The non-independent study conducted by Philip Morris, indicated that as opposed to 62% in Brazil and 66% in Hong Kong, only 43% of Australian smokers surveyed by the tobacco company, feel that they possess all the information they would require to feel comfortable switching to e-cigarettes.
Lead researcher Povaddo surveyed 16,099 smokers and non-smokers across 13 countries including Australia, and found that a significant number of them would consider switching from smoking to vaping. Globally, 68% of smoking participants said they would be more likely to switch, if they had access to reliable information pointing out the differences between the variety of available products.
The Australian cohort of the survey, was made up of 1,238 respondents, of which 11% are current smokers and 4% are occasional smokers. The data compiled from this cohort suggested that having such information available would be greatly beneficial.
The regulatory situation down under
A GRANT for the INQUIRY HAS BEEN AVAILABLE SINCE THE 27TH OF FEBRUARY 2019, AND THE PROJECT IS EXPECTED TO BE COMPLETED BY DECEMBER 2020.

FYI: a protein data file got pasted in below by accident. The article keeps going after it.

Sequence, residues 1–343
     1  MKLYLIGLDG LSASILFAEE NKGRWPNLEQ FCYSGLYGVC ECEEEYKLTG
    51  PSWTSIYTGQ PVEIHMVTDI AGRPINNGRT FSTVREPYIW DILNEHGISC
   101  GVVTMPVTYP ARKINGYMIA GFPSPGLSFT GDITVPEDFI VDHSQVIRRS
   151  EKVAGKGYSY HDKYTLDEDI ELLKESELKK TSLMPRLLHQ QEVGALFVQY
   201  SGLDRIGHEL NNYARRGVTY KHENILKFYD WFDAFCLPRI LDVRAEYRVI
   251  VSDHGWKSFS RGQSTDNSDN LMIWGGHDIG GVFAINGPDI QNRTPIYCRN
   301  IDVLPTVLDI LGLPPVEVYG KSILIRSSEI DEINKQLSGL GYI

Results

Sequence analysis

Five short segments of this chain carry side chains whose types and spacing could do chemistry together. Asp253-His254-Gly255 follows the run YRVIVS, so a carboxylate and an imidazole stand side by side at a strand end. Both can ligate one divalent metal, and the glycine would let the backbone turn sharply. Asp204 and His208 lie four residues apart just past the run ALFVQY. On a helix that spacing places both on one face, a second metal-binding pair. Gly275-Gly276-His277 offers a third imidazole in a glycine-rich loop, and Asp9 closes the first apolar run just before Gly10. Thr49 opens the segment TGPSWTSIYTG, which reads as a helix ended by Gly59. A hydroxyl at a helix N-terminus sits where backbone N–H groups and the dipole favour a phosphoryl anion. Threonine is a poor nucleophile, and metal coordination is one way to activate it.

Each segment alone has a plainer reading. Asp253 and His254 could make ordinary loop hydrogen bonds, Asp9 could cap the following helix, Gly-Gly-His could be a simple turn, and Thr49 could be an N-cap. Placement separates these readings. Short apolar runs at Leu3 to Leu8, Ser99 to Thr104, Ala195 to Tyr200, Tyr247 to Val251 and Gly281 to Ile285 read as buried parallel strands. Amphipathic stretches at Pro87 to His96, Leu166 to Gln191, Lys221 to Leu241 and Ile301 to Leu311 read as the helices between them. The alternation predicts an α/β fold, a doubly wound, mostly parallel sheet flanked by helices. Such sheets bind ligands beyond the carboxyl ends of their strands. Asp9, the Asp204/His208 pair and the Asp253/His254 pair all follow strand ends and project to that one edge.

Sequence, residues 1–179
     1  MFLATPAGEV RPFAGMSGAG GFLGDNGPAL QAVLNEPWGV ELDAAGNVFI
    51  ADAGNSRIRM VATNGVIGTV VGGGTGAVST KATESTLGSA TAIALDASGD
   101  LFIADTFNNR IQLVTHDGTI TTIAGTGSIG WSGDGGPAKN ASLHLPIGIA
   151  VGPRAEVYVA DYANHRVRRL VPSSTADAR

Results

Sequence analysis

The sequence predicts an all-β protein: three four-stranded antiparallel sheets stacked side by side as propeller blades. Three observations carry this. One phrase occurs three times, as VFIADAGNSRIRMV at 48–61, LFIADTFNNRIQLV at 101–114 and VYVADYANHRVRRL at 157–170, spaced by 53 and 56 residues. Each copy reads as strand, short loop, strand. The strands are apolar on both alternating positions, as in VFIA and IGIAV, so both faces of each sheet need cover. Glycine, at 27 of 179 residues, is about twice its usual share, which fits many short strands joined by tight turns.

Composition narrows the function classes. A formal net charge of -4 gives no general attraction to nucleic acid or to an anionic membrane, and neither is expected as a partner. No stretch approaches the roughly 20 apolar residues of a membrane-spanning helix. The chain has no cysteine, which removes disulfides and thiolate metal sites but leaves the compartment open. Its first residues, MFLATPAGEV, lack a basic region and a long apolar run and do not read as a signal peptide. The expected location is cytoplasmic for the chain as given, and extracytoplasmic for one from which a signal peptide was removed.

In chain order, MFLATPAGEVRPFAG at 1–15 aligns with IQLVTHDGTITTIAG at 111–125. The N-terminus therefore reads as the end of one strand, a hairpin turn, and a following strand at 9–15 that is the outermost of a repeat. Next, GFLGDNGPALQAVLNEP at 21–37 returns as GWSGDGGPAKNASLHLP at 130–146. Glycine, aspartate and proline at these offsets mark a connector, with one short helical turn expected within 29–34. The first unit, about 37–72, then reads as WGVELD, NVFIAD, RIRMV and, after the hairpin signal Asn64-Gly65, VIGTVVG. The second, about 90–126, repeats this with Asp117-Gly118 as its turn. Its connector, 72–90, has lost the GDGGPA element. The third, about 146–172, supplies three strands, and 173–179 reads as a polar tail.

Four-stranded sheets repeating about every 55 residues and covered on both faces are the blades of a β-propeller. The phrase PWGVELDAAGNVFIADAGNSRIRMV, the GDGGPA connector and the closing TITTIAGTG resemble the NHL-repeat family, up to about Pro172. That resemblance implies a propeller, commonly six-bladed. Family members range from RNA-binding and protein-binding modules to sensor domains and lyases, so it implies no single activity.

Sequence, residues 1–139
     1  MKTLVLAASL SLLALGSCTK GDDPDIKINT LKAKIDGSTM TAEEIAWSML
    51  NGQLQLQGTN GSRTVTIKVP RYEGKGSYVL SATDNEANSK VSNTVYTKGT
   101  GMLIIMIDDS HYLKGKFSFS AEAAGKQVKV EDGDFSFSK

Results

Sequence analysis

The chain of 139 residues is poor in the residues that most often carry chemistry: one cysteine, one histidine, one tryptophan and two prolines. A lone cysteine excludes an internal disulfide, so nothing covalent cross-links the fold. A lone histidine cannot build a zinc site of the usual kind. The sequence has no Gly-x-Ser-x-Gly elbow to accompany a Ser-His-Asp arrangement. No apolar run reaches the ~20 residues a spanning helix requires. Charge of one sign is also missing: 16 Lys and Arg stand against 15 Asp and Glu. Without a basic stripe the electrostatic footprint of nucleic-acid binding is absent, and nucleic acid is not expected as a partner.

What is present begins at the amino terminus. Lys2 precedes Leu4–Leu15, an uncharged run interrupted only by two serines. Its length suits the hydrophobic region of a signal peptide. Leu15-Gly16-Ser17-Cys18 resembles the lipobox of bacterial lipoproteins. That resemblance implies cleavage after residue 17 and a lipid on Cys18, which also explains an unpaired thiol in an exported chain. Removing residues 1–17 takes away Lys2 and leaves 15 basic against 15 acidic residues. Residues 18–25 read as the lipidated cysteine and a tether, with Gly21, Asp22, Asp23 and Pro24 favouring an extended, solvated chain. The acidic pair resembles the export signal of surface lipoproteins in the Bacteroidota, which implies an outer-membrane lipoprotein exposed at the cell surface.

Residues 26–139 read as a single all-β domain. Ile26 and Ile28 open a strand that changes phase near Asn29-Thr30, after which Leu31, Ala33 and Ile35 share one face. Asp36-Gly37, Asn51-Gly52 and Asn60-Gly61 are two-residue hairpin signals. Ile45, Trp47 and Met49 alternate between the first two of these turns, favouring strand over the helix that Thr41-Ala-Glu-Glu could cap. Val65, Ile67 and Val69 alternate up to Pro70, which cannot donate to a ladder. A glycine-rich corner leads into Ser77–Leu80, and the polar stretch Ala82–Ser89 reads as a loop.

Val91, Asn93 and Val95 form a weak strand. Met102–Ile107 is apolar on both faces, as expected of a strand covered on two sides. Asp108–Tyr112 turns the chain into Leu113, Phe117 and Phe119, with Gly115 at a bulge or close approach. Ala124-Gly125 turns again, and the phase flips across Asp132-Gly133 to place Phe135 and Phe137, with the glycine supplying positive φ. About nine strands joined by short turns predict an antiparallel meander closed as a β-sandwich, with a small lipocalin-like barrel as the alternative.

In Australia, public health experts and liberal party MPs alike, have long been efforting to overturn the current e-cigarette ban. In Australia the devices are legal, but the use of nicotine-containing refills is not.
In August 2016, several public health activists, amongst which the New Nicotine Alliance (NNA), had submitted proposals to local regulator Therapeutic Goods Administration (TGA), to remove nicotine concentrations of below 3.6% from the Poisons Standard. However, in February 2017, the TGA rejected the application and upheld the nicotine ban.
Last September, New South Wales Liberal Trent Zimmerman, who in 2018 had chaired a parliamentary inquiry appointed to look into e-cigarette use, had raised the issue of e-cig regulations once again in Parliament. In response to this Australia’s health minister Greg Hunt, had finally agreed to an independent inquiry into the scientific evidence about the devices. However, almost a year later, there had been very little information released about the inquiry.
Finally, in response to a question posed by Senator Cory Bernardi in the Senate earlier this month, the Australian government has released some details.
The study will be carried out by the National Centre for Epidemiology and Population Health at the Australian National University, by the highly regarded epidemiologist, Professor Emily Banks and her team. The grant of $750,000 for the project, has been available since the 27th of February 2019, and the project is expected to be completed by December 2020.
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